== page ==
Fitz & the Tantrums' Noelle Scaggs: I'm Inspired by My 7-Year-Old Niece
Los Angeles' Fitz & the Tantrums
offer up a grassroots success story built on unadulterated creativity, elbow grease
and and just the right amount of luck. All systems were a go after the practice session in late 2008, and the band played their first gig just a week later. Six months into it, they were on tour with punk powerhouse Flogging Molly. Slots at major U.S. festivals such as Lollapalooza and Telluride Blues & Brews and an itinerary of near 200 live appearances since
January has contributed directly to the band's mounting success.
Geoff Tate - The Whole Story "ryche" Acoustic Tour
TicketsSun., Jan. 22, 7:30pm
Celebrating Antonio Carlos Jobim
TicketsMon., Jan. 23, 8:00pm
Kenny Rogers: The Gambler's Last Deal
TicketsTue., Jan. 24, 7:30pm
South Florida Symphony: Masterworks I Ubermensch (Superman)
TicketsTue., Jan. 24, 7:30pm
TicketsWed., Jan. 25, 7:30pm
Their sound is pleasantly nostalgic, yet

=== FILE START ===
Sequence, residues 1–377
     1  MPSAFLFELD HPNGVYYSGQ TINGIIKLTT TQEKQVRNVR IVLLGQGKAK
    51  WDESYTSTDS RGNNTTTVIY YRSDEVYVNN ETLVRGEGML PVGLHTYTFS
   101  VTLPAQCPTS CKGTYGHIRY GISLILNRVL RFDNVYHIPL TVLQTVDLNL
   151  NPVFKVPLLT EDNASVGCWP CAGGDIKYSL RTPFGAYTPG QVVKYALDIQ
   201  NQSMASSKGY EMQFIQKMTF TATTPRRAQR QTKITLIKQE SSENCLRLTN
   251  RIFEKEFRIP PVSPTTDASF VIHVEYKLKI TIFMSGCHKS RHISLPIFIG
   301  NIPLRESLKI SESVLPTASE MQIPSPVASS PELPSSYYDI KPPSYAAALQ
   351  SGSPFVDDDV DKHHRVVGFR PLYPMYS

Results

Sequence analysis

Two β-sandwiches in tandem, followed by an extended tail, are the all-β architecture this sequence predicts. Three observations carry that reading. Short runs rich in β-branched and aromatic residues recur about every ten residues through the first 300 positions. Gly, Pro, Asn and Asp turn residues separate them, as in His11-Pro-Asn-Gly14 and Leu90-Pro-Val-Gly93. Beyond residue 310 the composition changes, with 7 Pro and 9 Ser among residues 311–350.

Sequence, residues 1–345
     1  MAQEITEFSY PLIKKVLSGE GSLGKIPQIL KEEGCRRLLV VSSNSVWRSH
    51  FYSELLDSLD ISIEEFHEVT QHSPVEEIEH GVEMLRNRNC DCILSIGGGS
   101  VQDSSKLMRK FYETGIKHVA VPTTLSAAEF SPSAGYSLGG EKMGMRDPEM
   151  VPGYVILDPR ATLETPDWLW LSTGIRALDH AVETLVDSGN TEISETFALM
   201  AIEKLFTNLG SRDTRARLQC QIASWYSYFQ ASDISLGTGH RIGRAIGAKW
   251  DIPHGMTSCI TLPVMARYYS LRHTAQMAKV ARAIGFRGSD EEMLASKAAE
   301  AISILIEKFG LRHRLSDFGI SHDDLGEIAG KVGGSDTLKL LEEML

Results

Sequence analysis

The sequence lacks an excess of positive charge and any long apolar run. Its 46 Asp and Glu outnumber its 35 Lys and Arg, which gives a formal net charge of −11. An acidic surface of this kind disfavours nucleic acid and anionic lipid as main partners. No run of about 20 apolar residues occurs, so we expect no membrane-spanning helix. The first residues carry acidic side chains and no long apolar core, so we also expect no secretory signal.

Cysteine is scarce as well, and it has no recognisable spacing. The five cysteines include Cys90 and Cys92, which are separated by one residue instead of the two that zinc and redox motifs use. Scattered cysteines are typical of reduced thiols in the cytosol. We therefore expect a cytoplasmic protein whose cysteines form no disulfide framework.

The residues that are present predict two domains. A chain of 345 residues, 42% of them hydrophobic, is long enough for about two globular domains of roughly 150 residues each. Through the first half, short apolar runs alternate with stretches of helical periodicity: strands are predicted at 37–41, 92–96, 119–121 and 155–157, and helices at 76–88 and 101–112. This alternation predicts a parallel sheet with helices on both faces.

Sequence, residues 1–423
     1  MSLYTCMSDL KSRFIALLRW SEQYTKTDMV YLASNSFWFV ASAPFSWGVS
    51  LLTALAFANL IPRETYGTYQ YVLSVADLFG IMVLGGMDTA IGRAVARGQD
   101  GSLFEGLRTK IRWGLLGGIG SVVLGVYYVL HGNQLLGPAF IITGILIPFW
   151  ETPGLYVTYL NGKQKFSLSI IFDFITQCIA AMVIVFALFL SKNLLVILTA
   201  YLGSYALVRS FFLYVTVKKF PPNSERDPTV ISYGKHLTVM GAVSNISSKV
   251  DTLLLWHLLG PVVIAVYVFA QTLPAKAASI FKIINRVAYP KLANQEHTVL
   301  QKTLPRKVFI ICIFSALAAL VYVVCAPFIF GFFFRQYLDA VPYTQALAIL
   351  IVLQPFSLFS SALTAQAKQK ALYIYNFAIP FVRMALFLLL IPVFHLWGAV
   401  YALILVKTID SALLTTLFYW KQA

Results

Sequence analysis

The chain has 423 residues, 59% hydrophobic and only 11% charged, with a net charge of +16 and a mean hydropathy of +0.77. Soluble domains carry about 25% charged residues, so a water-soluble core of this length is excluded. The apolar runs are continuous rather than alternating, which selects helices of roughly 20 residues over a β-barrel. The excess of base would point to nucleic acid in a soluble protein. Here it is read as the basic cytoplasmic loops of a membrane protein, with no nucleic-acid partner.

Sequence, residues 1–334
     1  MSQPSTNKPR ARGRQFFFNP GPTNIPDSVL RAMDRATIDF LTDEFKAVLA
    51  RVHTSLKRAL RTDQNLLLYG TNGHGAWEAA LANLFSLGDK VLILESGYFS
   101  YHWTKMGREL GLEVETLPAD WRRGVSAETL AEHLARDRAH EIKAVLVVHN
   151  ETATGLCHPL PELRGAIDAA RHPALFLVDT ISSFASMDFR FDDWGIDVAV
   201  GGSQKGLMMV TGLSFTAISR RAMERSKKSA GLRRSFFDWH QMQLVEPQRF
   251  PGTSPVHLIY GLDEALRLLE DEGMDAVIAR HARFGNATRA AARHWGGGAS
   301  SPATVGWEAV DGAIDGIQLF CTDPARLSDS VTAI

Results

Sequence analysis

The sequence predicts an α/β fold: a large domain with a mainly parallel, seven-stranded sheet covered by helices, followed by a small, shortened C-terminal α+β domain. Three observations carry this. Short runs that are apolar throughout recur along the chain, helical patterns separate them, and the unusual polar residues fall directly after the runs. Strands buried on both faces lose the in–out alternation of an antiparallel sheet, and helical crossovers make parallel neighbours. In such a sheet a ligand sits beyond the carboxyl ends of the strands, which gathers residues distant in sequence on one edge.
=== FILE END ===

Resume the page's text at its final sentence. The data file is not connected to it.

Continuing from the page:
maintains a necessary fresh flare of neo-soul and
futuristic lounge. In the live setting, frontman
Michael "Fitz" Fitzpatrick executes showmanship reminiscent of
James Brown, but with the presentation of Robert Smith and the
sincerity of his indie pop counterparts. The rest of the Tantrums' outfit
defy their backing band nomenclature and showcase a thematic equal
opportunity approach to the universal get down.
Noelle Scaggs, sultry vocalist, tambourine shaker and personification of
a new age for soul music, connected with County Grind from her home in L.A. to
about the band's unique road to success.
County Grind: You guys have
been on the road non-stop for the past year it seems. How are things going out
in California now that you are getting some time at home?
Noelle Scaggs: Things are good
here, nothing too crazy, just getting ready for the first date of the tour in
Charleston. This one is going to be a long haul. So
other than a couple one off shows around here it has been nice to just be home and catch up
on life things.
The band's story
is pretty unique in that you rehearsed one time and had a gig the next week. What
was the selling point for this music project initially that enticed you enough
to see it through from the beginning?
When I first
heard the project I was really attracted to the sound. It was something that
wasn't really familiar in the spectrum of not being exactly Motown or something
from the '80s. It had a really cool mixture and a more modernized feel. I was
also really attracted to Fitz's singing voice and the vibe that he was trying
to create. When we initially talked about doing the show I was in an in between